Also, if "Alphabet Jumble" was Scrabble in disguise due to copyright reasons, then it would be awfully convenient that the girls happened to get the letters that would enable them to spell boy, girl, date, kiss, dad, mom. But I was willing to let that go because the rest of the story was so charming.

Wednesday, July 6, 2011

What's Your Number?

by Anna Jo Christopher from the July 4, 2011 issue

Tagline: When two strangers in a hurry shared a cab, their lives took a romantic turn...

In A Nutshell: After suffering through half of a truly horrible blind date, Valerie walks out. When she and a handsome stranger accidentally hail the same cab, they decide to share. They also discover they share the belief that they have lucky numbers.
Observations: I liked this story but was surprised to see such a vivid description of the bad date. Woman's World usually shies away from negativity and this loser that Valerie went out with was such a jerk! And yet the story wouldn't have worked without that description.

I hate to sound like a broken record, but note the motif of the lucky number in this story. It occurs first in the title. Then, right off the top we're shown that Valerie's lucky number is twelve. In the last third of the story, it's brought back as we discover that the hero, Kent, also has a lucky number. (Thankfully, it's not the same lucky number. I would have grimaced had Christopher chosen to go that far.)

One last observation--throughout the story they use the word "twelve," until the very end, when they use the roman numerals. It made me wonder why, bringing me out of the story. If I were submitting this story, I'd make sure I was consistent.

Okay, I lied. One more observation...this was the Fourth of July issue, and yet this story had no ties to the holiday at all. What's with that? Did no one submit a good Independence Day story???

Friday, July 1, 2011

A Week Without You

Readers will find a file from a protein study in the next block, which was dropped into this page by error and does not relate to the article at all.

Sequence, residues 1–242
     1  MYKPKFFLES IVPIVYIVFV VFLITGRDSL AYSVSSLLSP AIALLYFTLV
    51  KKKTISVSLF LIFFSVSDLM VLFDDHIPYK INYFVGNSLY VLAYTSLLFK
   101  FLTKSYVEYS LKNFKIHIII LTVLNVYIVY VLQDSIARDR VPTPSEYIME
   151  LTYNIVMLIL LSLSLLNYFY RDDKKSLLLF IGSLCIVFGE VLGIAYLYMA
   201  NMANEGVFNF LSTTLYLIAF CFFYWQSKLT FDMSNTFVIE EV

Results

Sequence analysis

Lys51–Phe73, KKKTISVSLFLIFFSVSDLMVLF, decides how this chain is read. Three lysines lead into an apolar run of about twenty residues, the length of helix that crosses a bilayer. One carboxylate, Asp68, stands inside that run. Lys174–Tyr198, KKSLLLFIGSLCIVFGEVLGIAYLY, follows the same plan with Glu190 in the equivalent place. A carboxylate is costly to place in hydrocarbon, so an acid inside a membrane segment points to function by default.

by Shelli Armstrong from the June 13, 2011 issue

NOTE: I'm catching up again! Somehow this issue got stuffed in my magazine rack and I didn't notice it until now.

Tagline: It took a lonely week to convince Darla and Gary that they belonged together...

In A Nutshell: When Gary moves on to another job, Darla is bereft, but during the first week without him, they manage to keep in touch. On Friday, he shows up and asks her out.

Observations: This story was cute. Gary was an adorable character even if he wasn't actually there, interacting with the heroine. Their notes and emails were endearing and funny. When it got to the part where Gary put his heart on the line with his email...

...Things are good here, but, okay, I'll say it: I miss you. Terribly...

I just melted. And then when he called her on the phone, he stepped up to the plate again when Darla said she'd received that email...

There was silence for a moment, [sic] "What'd you think of it?" Gary asked.

I melted again. That Gary might have been chicken for the two years previous that he'd worked with Darla, but he came through at the end. :) Again, it's really interesting to me that the character that grew the most during the course of the story wasn't even "on stage" half the time.